Other Books analysis
Critina De Middel: Afronauts
De Middel’s book is a fiction based in some fact. Her book is a reflection of this (Fig: 14) and uses it to build a story through her personal imagery (Setanta Books, 2019). There is a great physicality to the object, which also includes types elements and place these on lined paper that fold out from the central gutter (Fig: 15). I also enjoy the use of illustration with the photographs and there could be potential to include some within my own sequence. In Joerg Colberg’s review of the book he notes: “I had seen photographs from the project on the internet, but I thought that they were just a tad too cute. But then I came across the book, and that made all the difference” (Colberg, 2012) suggesting the way that the book can change the interpretation of a body of work.
Middel’s approach to the series is also worth discussion. In her own words: “it had this fact/fiction game in terms for the documentary value of photography — it’s something real but unbelievable, so if you take pictures of it, you end up with this weird thing, which you don’t know whether to believe or not” (De Middel, 2013). And this really resonates with my own project however, there are some ethical issues that are also worth noting and some that play a role in the development of my work. It could be argued that Middel is mocking or othering in her Afronauts project, something that she rejects, noting the work is more about the perception of Africa that it would be impossible for them to reach the moon: ‘The images are beautiful and the story is pleasant at a first level, but it is built on the fact that nobody believes that Africa will ever reach the moon. It hides a very subtle critique to our position towards the whole continent and our prejudices.’ (Setanta Books, 2019).
Alec Soth: Broken Manual
Soth creates a really engaging object with his book ‘Broken Manual.’ Soth’s book is housed within another book creating elements of secrecy and mystery (Fig: 16). Soth created a character for this book in the form of ‘Lester B Morrison,’ a construction of Soth’s he uses to create further intrigue. In a sense Lester B. Morrison is an unreliable narrator when you realise that it is in fact Soth writing: “I was trying to develop this secret, private language – the way people who’d spent too much time with themselves do” (2020).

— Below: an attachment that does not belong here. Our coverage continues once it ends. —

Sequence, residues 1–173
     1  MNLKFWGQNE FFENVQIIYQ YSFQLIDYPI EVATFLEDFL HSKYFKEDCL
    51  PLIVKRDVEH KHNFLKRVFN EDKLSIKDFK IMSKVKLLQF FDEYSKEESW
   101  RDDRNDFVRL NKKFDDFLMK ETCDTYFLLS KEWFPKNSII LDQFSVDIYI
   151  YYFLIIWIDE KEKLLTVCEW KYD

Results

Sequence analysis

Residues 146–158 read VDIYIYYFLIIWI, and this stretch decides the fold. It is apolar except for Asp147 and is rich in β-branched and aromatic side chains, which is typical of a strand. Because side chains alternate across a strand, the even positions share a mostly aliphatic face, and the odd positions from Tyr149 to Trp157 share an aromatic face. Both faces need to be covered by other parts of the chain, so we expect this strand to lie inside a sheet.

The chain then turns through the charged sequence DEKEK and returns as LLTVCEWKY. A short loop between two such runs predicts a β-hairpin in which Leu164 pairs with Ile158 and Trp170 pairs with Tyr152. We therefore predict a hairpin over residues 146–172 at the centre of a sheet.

Both approaches add something to the images and create a more experiential object that time can be spent and enjoyed. This is something that David Levi Strauss argues for in ‘Photography and Belief,’ which is opposition to the way that we consume images digitally: “Images that appear on the screens of our devices go by in a streaming flow. Individual images are seldom apprehended separately, as a singular trace […]. The images consumed in a flow are seldom dwelled on, so their individual effect is limited” (2020, p. 63).
I am still photographing this project, so the way that the book comes together will inevitable be a reaction to the images that I have to create. That said, after reading Bruno Ceshel’s ‘Self Publish Be Happy: A DIY Photobook manual and manifesto’ it is clear that the work can exist in its iterative form and continue to evolve even as I share the work (2015, p. 486), which is also something that Wendy suggested in a previous meeting. I am relatively happy with the way the work is coming together and initial sharing of the project is proving positive, including FT editor Emma Bowket, who found the concept interesting. I plan to create the next version of the book in a more polished form that can be shared with industry professionals for feedback.
Ceshel, B. & Senior, D., 2015. Self Publish Be Happy: A DIY Photobook Manual and Manifesto. 1 ed. New York: Aperture.
Colberg, J., 2012. Review: The Afronauts by Cristina De Middel. [Online] Available at: http://jmcolberg.com/weblog/2012/07/review_the_afronauts_by_cristina_de_middel/ [Accessed 06 May 2021].
Davidmann, S., 2011. Ken. To Be Destroyed. [Online] Available at: https://www.saradavidmann.com/work#/kentobedestroyed/
[Accessed 07 May 2021].
De Middel, C., 2013. CRISTINA DE MIDDEL: THE AFRONAUTS [Interview] (25 April 2013).
Levi Strauss, D., 2020. Photography and Belief. 1 ed. New York: David Zwirner Books.
Setanta Books, 2019. The Afronauts. [Online] Available at: https://www.setantabooks.com/product/afronauts/
[Accessed 6 May 2021].
Soth, A., 2020. Broken Manual: Alec Soth in Conversation with Aaron Schuman [Interview] (11 August 2020).